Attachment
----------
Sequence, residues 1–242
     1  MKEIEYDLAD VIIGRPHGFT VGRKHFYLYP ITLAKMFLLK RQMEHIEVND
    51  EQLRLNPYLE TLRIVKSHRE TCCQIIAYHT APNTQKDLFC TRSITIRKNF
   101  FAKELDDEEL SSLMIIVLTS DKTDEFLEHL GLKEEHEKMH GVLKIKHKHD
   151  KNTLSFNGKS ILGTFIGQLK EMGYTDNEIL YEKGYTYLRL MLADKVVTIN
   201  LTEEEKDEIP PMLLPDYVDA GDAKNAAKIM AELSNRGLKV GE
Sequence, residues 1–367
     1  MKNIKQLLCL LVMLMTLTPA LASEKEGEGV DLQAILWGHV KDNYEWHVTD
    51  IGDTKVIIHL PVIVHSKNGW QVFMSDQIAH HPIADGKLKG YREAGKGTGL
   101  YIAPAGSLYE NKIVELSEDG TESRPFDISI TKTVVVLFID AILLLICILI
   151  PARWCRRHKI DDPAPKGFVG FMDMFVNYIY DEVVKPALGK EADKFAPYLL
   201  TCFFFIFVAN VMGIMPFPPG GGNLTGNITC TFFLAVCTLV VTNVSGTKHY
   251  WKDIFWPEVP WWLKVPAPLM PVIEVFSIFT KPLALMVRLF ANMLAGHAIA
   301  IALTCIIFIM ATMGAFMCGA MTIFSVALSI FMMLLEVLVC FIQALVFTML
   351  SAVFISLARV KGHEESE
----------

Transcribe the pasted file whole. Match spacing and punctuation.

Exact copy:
Sequence, residues 1–242
     1  MKEIEYDLAD VIIGRPHGFT VGRKHFYLYP ITLAKMFLLK RQMEHIEVND
    51  EQLRLNPYLE TLRIVKSHRE TCCQIIAYHT APNTQKDLFC TRSITIRKNF
   101  FAKELDDEEL SSLMIIVLTS DKTDEFLEHL GLKEEHEKMH GVLKIKHKHD
   151  KNTLSFNGKS ILGTFIGQLK EMGYTDNEIL YEKGYTYLRL MLADKVVTIN
   201  LTEEEKDEIP PMLLPDYVDA GDAKNAAKIM AELSNRGLKV GE
Sequence, residues 1–367
     1  MKNIKQLLCL LVMLMTLTPA LASEKEGEGV DLQAILWGHV KDNYEWHVTD
    51  IGDTKVIIHL PVIVHSKNGW QVFMSDQIAH HPIADGKLKG YREAGKGTGL
   101  YIAPAGSLYE NKIVELSEDG TESRPFDISI TKTVVVLFID AILLLICILI
   151  PARWCRRHKI DDPAPKGFVG FMDMFVNYIY DEVVKPALGK EADKFAPYLL
   201  TCFFFIFVAN VMGIMPFPPG GGNLTGNITC TFFLAVCTLV VTNVSGTKHY
   251  WKDIFWPEVP WWLKVPAPLM PVIEVFSIFT KPLALMVRLF ANMLAGHAIA
   301  IALTCIIFIM ATMGAFMCGA MTIFSVALSI FMMLLEVLVC FIQALVFTML
   351  SAVFISLARV KGHEESE